Media outlets are not blameless too, by mostly reporting facts that will serve their best interest and omitting those that are deemed too sensitive for some people. When a piece of controversial news is touching people from high places, it is usually brushed off. Transparency is only clear if it is fueled by personal motivation or vendetta.

The general public isn't devoid of sin either. Online posts and social media sites have become a vital source for fake news that is accepted as the absolute truth by many. How ironic that in the age of information technology, people forget to do their research and only rely on what has been presented by less credible sources.

Believing in unsubstantiated rumors in the guise of spreading awareness is just lazy. People do crazy things, especially during times of crisis so there is definitely a reason to be afraid. But we should also remind ourselves that fear feeds on fear, it will become the monster that will devour us all if we let it.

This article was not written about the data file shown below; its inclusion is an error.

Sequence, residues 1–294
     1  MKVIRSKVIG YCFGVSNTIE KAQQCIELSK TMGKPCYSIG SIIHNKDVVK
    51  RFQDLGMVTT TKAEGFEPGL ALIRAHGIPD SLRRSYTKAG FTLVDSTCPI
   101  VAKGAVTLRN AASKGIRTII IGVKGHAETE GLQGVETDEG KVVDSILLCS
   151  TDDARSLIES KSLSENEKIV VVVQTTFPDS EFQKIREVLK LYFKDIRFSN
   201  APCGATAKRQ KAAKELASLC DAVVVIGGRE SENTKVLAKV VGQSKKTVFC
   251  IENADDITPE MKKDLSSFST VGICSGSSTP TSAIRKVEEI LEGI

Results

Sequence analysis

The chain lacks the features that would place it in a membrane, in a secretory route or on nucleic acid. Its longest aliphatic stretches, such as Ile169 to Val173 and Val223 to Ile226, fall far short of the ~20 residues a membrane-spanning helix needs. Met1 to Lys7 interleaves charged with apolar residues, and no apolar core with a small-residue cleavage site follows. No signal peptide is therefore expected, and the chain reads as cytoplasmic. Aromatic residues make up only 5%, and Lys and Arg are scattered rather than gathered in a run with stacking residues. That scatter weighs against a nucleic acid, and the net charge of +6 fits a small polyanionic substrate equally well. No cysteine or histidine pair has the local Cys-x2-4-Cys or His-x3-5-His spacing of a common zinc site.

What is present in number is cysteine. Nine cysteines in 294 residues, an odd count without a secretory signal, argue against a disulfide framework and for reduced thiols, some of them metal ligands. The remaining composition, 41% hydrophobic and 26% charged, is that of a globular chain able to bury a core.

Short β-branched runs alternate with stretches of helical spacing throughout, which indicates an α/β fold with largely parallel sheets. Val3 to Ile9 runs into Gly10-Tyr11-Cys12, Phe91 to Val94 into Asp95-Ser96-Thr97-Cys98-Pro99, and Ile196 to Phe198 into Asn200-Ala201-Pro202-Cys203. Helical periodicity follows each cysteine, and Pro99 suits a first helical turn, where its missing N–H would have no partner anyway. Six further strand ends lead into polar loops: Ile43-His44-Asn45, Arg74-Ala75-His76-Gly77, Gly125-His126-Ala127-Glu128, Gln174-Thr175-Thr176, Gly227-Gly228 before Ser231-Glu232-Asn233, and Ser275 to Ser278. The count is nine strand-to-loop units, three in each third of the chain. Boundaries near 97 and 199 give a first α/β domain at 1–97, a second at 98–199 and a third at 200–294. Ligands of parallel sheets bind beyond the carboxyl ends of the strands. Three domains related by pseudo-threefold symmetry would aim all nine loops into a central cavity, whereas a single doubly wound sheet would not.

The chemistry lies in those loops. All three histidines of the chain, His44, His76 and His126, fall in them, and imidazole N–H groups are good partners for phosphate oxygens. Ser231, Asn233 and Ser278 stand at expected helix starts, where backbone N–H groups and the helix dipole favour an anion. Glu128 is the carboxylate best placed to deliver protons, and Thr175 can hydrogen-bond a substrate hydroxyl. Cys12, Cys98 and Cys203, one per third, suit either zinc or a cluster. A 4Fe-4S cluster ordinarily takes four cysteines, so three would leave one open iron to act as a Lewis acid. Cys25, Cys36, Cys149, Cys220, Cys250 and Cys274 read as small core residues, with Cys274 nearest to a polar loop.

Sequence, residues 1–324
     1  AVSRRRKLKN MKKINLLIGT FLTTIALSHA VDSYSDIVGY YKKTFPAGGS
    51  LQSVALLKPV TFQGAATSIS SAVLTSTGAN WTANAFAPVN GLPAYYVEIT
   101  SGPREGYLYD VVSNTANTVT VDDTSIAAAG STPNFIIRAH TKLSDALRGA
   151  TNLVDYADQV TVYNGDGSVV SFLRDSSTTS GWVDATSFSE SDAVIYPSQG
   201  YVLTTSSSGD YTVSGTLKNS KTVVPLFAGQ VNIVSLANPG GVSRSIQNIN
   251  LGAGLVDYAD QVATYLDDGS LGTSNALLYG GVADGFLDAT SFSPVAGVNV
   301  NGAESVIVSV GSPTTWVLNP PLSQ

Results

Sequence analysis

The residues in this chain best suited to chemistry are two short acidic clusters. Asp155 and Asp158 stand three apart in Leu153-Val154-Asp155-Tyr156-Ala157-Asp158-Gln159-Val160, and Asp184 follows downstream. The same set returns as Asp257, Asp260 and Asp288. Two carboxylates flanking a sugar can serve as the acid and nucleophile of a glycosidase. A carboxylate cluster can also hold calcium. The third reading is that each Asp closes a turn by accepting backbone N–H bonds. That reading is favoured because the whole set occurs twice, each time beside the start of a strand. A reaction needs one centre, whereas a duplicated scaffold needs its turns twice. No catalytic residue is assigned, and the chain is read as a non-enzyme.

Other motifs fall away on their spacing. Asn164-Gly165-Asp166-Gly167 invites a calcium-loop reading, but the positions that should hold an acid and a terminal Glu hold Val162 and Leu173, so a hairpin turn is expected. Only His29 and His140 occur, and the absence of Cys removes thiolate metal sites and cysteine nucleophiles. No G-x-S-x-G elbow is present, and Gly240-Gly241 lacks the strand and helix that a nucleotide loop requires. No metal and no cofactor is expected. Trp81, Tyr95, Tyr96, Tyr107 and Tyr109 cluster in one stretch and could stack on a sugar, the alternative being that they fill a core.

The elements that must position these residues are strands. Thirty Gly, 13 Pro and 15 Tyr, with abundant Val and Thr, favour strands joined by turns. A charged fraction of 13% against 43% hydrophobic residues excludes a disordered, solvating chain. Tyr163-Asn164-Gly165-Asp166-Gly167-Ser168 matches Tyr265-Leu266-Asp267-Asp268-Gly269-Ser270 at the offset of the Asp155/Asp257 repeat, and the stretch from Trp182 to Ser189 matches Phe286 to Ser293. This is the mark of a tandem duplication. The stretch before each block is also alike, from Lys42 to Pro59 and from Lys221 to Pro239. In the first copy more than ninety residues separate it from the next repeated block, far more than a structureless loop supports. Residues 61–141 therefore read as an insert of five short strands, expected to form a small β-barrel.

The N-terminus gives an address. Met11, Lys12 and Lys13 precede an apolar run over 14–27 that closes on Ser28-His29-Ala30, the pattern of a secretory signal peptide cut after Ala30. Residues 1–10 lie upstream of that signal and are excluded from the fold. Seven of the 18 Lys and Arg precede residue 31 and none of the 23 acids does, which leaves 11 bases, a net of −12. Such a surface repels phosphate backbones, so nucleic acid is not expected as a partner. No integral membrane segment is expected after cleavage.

Sources

  • Nangangatok: Door Knocking Spirits, aswangproject.com
  • Tao Po: Chilling Reminder about Knocks on Doors Prompts Scary Stories, news.abs-cbn.com
  • Fear Spreads as Stories of "Demonic" Cult Attacks in Mindanao Circulate, thesummitexpress.com
  • Deadly Omens and Mysterious Knocks of Death, mysteriousuniverse.org


This content is accurate and true to the best of the author’s knowledge and is not meant to substitute for formal and individualized advice from a qualified professional.